After David Stern’s Magical Media Tour on Thursday and Friday, the players needed to respond before a mediator puts the lock on both sides next week. And after making an “armed and dangerous” reference, union executive director Billy Hunter continued along with union president Derek Fisher in pushing back hard against the commish. Various quotes from the AP and other sources:
Fisher expressed optimism that there would be a season, which is contrasted by the dour approach of both Stern and Hunter. Except Fisher’s assertion is based more on calling what he feels is Stern’s bluff.
“My gut tells me that there’s no way Commissioner Stern and the NBA would damage their business by making us miss a whole season,” Fisher said Friday after a union meeting at the Beverly Hilton.
Regarding David Stern’s assertion that the absence of a deal on Tuesday could lead the cancellation of games at Christmas, nearly two months away, Fisher shrugged it off as “arbitrary.”
“That’s an arbitrary deadline just to throw out on Commissioner Stern’s part,” Fisher said. “We don’t see it that way. That’s just arbitrary, with no other purpose than to sway player sentiment.”
Fisher also was quick to shut down talk of JaVale McGee’s comments about there being “guys ready to fold in the room,” a quote that McGee later denied on Twitter… despite about eight reporters having heard, and recorded, the comments. Fisher did not exactly cover McGee’s tail publicly.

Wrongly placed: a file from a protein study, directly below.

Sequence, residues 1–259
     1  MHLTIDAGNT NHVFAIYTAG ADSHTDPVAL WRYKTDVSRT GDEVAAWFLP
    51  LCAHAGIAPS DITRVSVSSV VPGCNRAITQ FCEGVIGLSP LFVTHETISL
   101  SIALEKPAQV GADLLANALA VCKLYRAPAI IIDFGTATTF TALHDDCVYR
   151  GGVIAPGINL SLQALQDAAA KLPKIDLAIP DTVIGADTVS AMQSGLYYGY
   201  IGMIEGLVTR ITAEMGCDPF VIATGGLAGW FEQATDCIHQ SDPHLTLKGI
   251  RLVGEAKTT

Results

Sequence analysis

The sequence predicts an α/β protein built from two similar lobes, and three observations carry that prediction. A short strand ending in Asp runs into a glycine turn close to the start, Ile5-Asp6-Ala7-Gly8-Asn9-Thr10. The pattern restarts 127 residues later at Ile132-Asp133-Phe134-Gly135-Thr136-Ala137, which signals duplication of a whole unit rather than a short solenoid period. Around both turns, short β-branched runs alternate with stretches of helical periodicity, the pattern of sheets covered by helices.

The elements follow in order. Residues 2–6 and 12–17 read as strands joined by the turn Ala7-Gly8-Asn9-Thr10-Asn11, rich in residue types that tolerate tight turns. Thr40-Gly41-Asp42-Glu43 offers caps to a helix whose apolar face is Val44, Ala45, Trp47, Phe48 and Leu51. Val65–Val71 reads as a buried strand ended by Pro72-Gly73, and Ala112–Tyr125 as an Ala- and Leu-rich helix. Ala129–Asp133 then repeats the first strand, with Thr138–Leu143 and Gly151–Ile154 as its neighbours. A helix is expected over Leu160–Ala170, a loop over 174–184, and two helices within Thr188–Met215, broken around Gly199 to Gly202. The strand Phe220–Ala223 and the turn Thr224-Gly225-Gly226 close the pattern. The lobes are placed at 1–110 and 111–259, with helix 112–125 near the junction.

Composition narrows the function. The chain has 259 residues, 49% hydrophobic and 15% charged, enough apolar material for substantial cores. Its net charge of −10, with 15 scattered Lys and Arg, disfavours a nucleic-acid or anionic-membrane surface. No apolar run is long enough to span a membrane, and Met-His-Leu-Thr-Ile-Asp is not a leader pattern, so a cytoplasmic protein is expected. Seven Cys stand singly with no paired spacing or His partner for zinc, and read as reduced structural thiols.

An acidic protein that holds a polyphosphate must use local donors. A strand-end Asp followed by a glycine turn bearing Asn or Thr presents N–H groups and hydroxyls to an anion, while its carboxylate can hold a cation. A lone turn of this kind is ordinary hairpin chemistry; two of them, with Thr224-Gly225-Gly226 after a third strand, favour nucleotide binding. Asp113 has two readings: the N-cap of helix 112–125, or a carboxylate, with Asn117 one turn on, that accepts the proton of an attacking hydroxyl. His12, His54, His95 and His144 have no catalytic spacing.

“The person that spent the least amount of time in the room has no ability to make that statement,” Fisher said.
Billy Hunter commented that for nearly two years, the league had been pushing for “guaranteed profitability,” a term the union had shelved for several months, only to bring it back with a vengeance. Hunter said the union replied that a system that provided each NBA team with a guaranteed average profit of $10 to $30 million “simply did not exist.”
If you’re wondering if it was Rhetoric Day in the NBA Lockout, it was. Both sides were volleying shots at one another. But with McGee’s random and profoundly stupid comment, the NBPA still found a way to lose the day. The pressure is on players to comment whenever they’re at an event. The owners face no such pressure. And as a result, we’re learning why the union has been reticent to put its players first and forefront.
Finally, it’s important to note the disappointing turnout. Less than 30 players attended the meeting, with most players visiting colleges for Midnight Madness (Dwyane Wade, John Wall, DeMarcus Cousins just to name a few).